On these occasions, we are forbidden to bring any bottles as he insists on bringing them all. We do/did, however, bring some, but as gifts, mere tokens of our utmost regard and appreciation of his friendship and generous nature.
Doc, Eric and the Stockbroker
We started off with a bottle of 1982 Salon Le Mesnil Sur Oger, a blanc de blancs (i.e., pure chardonnay) which is the only kind Salon makes, and only in years deemed up to their highest standards. Champagne aficionados know this maker well, their wine considered by many as sort of a "cult" champagne, some say the pinnacle of bubblies. This is only the second vintage of Salon I have ever tried.
We were to have this with our amuse bouche and starters. Unfortunately, this bottle was flawed, the Stockbroker immediately noted the unusually sparse effervescence and Eric almost immediately declared it as damaged. I am well aware that Salon has a slightly oxidized style yet noted that it was too pronounced and had too sharp a sour bite towards the back.
I sucked in some air with the bubbly in hopes of reviving it, and it did help slightly in expanding and frothing it up just past mid-mouth, bringing out a shadow of creaminess to the slim, crisp apple - but none of the depth and generosity I had before experienced. It happens. There is always a risk of buying older vintages and keeping them for years - no matter how careful or selective one is. I asked that the bottle just be set aside instead of being discarded - to see how it fares later on. Alas, we all forgot to get back to it by the end of the evening. For whatever it is worth, Eric highly doubted it would come around.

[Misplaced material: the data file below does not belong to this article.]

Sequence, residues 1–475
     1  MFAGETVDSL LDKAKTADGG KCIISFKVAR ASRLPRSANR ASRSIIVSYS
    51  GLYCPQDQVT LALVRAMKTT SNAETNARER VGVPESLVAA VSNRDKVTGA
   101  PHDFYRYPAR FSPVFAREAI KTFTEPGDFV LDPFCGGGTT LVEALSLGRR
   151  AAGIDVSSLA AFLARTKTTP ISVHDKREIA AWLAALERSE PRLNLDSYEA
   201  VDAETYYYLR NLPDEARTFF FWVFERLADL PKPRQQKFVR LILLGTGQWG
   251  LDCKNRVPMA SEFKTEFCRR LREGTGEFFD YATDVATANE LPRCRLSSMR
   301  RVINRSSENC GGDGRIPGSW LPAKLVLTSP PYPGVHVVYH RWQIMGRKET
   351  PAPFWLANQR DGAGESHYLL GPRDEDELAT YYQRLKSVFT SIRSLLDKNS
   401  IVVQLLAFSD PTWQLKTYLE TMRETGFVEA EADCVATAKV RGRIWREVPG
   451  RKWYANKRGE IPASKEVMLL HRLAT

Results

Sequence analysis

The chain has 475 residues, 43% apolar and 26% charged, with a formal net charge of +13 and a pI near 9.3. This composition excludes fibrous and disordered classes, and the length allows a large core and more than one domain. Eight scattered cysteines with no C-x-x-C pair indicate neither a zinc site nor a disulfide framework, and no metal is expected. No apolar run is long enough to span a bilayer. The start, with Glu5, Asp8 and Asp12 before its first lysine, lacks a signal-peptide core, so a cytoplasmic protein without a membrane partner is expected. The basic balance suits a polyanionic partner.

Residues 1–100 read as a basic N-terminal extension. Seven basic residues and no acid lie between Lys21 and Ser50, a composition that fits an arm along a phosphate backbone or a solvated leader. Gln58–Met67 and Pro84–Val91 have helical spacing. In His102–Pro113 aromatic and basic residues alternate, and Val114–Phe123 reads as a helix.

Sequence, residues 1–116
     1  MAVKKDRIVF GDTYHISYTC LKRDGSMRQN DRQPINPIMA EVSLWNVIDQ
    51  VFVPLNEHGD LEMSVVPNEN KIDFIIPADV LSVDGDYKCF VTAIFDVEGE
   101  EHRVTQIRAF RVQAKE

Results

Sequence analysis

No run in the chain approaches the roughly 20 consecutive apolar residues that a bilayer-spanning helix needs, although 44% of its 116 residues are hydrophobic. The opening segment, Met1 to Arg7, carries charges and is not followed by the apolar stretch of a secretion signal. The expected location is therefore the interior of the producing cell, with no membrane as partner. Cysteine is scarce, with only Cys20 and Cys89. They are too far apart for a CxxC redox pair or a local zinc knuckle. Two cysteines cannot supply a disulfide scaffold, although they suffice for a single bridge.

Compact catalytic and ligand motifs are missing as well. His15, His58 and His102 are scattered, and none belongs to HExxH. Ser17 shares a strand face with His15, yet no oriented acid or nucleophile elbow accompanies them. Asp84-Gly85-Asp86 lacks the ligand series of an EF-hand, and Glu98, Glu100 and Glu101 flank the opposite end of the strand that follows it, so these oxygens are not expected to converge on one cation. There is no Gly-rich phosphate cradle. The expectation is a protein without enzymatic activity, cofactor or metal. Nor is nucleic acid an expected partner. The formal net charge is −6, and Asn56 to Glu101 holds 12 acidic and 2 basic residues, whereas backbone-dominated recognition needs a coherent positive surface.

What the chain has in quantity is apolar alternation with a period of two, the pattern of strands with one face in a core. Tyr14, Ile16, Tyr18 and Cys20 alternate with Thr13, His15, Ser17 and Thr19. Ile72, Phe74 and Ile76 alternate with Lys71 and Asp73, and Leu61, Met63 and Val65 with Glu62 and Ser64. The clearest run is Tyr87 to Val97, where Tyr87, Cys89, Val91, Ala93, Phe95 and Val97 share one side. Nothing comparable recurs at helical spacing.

Undeterred, the Stockbroker promptly pulled out a bottle of 1999 Coche-Dury Meursault. What can I say? Simply stated, Coche-Dury is one of the most revered makers of Meursault and Corton Charlemagne. I've had these only twice in my recollection, both from Gentleman Joe (a '97 Coche-Dury Corton Charlemagne and a 2001 Coche-Dury Meursault Premier Cru Perrières - tragically, I lost all my written notes of the evening I had the latter), so this was the first village wine I've tried from this maker.
I had this with my appetizer course of Salad of Crispy Lobster Tail with Corn Purée and Roasted Pepper Salsa.
1999 Coche-Dury Meursault - Initially, the bouquet was a little shy/tight, but, after around 15-20 minutes in glass, it released deeply alluring scents of tarte citron complexed by ethereal toasty/leesy, vanilla bean and vaguely nutty beurre noisette notes. These were mirrored beautifully on the palate in a softly curved, medium body. Loved it alone and with my crispy lobster salad. Lobster and corn is an ubiquitous New England combination, and everyone is familiar with the likewise ubiquitous lemon-butter sauce that is served with lobster. Given the flavors of the wine as stated, it is no wonder that the pairing was natural, familiar and precise.
The reds, two grand cru Romanée St-Vivants by two excellent makers, had been opened at the beginning of the evening and had been quietly breathing in bottle for a little over an hour by the time we got to them with our main courses.
I chose the Proscuitto Roasted Kurobuta Pork Tenderloin and Slow-Cooked Belly with Spiced Red Cabbage, Mustard Gnocchi and Apple Elderflower Purée for my main course, as did the Doc.
1997 Domaine de la Romanée Conti Romanée St-Vivant - Even those not familiar with the wines of Burgundy recognize the name of Domaine Romanée Conti (a.k.a., "DRC"), generally considered one of the best, if not the best maker (its wines are certainly the most expensive) of Burgundy. Because this wine is so rarefied, I've had but a handful of their wines, and, amongst them, only one of their whites (an excellent 1997 DRC Montrachet the Stockbroker, Doc and I shared over lunch several years ago).